Young people taking action on important issues is great.

Encouraging them to walk out of school is not an appropriate way to do it, however, and adults shouldn’t encourage it. A school assembly or a march on a Saturday is the right way.

A few dozen students walked out of several City of Vision schools Wednesday as part of a national walkout to honor the people killed in the Parkland, Fla., school shooting on Feb. 14 and to call for stricter gun laws. RRHS held an assembly to honor those victims and to introduce new organization, Students for Peace, which encourages students to show kindness and include everyone.

On March 24, March for Our Lives, a peaceful demonstration demanding that “a comprehensive and effective bill be immediately brought before Congress to address gun issues,” is scheduled for 10 a.m. to 1 p.m. at Haynes Park.

To be clear, this editorial isn’t about gun laws. It’s about methods used to call for change.

Now, about the walkouts. Students are supposed to be learning to function in the adult world.

Most professionals would be in big trouble with the boss if they disappeared in the middle of a work day, even for just 17 minutes, without getting permission for time off in advance.

Can you imagine what would happen if police officers or paramedics walked away in the middle of an emergency to protest something? What if a customer-service person hung up on you mid-conversation to be part of a demonstration?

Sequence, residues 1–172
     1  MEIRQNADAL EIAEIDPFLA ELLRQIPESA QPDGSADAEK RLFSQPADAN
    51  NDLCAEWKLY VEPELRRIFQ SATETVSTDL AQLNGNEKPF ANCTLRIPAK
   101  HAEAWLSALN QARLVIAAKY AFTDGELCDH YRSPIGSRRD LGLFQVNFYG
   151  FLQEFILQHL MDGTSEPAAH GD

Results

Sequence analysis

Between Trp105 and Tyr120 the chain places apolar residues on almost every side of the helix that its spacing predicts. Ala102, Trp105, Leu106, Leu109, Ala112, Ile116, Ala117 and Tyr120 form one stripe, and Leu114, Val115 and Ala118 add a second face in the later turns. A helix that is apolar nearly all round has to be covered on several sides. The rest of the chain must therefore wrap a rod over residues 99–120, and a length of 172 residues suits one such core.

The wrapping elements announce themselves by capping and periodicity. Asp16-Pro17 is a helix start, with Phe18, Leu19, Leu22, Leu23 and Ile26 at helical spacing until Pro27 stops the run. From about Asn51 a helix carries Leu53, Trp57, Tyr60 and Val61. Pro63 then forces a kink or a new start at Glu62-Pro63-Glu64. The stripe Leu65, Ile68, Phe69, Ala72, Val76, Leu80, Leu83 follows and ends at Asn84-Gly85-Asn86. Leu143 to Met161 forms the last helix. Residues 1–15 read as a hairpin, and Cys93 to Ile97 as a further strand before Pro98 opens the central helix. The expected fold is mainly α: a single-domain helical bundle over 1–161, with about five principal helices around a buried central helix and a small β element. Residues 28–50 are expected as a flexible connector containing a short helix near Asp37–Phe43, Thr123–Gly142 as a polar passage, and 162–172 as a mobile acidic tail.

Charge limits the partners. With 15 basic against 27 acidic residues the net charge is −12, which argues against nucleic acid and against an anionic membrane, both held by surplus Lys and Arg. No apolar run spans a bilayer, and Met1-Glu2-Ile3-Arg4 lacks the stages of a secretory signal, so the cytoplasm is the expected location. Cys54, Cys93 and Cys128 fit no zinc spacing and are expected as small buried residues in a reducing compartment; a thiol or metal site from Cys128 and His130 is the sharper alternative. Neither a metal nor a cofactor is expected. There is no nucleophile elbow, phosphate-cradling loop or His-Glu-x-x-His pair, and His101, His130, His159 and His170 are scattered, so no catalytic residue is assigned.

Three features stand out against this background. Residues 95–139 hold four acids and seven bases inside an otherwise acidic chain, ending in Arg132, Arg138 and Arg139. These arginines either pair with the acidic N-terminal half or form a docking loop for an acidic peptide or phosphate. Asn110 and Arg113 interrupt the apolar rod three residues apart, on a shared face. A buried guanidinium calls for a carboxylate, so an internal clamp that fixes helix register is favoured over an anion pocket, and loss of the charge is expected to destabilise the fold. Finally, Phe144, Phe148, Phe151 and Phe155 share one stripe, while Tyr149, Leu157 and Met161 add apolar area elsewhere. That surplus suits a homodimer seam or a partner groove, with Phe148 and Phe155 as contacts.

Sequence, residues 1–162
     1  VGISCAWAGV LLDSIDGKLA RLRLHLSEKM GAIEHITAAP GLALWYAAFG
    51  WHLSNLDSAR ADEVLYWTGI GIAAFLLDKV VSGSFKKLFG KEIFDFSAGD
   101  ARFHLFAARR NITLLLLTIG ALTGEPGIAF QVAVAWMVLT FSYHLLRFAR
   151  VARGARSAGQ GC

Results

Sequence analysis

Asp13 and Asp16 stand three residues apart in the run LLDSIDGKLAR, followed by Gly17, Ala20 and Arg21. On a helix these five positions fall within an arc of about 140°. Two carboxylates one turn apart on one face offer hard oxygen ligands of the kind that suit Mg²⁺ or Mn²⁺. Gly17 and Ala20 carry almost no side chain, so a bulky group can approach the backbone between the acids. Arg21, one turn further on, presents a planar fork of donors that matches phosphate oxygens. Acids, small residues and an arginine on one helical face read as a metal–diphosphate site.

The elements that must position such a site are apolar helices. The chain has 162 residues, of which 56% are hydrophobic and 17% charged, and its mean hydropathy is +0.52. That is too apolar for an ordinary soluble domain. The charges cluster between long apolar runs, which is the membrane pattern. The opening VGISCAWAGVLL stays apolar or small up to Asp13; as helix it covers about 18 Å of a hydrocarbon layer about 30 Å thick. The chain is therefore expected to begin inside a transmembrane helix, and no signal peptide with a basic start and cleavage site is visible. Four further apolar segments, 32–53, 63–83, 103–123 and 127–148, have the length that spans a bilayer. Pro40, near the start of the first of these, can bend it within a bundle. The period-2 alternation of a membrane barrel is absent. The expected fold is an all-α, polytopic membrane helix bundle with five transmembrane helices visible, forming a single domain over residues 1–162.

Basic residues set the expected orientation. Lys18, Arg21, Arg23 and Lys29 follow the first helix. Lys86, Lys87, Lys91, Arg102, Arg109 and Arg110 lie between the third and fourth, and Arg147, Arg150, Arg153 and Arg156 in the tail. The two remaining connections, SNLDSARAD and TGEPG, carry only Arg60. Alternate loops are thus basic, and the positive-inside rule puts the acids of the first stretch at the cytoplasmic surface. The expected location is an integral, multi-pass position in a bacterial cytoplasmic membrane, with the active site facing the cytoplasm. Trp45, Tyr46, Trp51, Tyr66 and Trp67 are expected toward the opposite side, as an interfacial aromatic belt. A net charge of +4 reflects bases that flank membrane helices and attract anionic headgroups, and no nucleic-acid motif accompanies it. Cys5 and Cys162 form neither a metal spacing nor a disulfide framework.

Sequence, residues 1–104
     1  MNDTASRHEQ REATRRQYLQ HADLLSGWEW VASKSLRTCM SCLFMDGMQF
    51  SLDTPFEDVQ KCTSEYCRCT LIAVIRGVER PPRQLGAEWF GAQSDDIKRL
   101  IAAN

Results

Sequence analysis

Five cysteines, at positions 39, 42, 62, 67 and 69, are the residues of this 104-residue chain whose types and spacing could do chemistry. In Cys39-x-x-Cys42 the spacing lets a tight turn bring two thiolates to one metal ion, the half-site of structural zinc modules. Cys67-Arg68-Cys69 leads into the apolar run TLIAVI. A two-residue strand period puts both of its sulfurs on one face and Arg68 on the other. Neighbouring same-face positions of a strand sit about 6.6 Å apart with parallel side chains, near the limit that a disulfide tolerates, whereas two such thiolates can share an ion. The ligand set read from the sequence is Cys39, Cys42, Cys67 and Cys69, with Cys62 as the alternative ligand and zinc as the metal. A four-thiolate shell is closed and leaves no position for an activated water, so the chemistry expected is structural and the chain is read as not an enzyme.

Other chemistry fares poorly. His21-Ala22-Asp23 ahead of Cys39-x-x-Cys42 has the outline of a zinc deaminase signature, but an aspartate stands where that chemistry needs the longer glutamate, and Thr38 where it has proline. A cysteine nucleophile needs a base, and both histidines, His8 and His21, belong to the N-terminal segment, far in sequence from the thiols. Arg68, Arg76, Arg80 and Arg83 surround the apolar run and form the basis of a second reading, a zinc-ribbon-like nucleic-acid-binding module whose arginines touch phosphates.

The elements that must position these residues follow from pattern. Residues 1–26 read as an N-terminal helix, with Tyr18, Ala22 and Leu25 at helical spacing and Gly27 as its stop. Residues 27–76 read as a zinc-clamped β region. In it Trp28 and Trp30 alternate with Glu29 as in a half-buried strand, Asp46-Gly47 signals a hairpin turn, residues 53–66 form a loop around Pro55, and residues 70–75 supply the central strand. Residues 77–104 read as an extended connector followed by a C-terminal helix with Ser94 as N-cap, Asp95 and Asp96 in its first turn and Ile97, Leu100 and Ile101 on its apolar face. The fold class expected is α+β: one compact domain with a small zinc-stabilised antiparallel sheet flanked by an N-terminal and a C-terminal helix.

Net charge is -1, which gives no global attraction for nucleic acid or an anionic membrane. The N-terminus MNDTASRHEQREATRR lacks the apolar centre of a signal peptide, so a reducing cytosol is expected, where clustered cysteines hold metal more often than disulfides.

Going to school is a students’ job.

Plus, educators aren’t any kind of enemy or the subject of the gun debate, but school walkouts bring them into it, willingly or not. That’s not appropriate.

We think RRHS Principal Sherri Carver had a great idea in the assembly. It was a good compromise giving students opportunity for action without complete disruption.

Students for Peace is an awesome effort, too.

March for Our Lives is also done right – in an appropriate time and place, and showing those involved are serious enough to put in much more than 17 minutes. Regardless of what one believes about gun control, the work, thought and partnerships that seem to have gone into the event are admirable.

Taking a stand is great – truly —but there’s a time for it, and that’s not the middle of a school day. If parents want to give their kids permission to walk out of class, or if the students are determined to do it no matter what, OK, but accept the consequences without whining.

Yes, disobedience gets people’s attention, but it’s going to take a lot more than a single act – disobedient or otherwise — to change anything. Change takes sustained, dedicated work over the long term.

If you want to be taken seriously and make a difference, keep working beyond one protest and be courteous of others as you do. That’s how peaceful reformers across history changed the world.

Respect is earned, as is change, and you earn it by putting in the work and doing things right.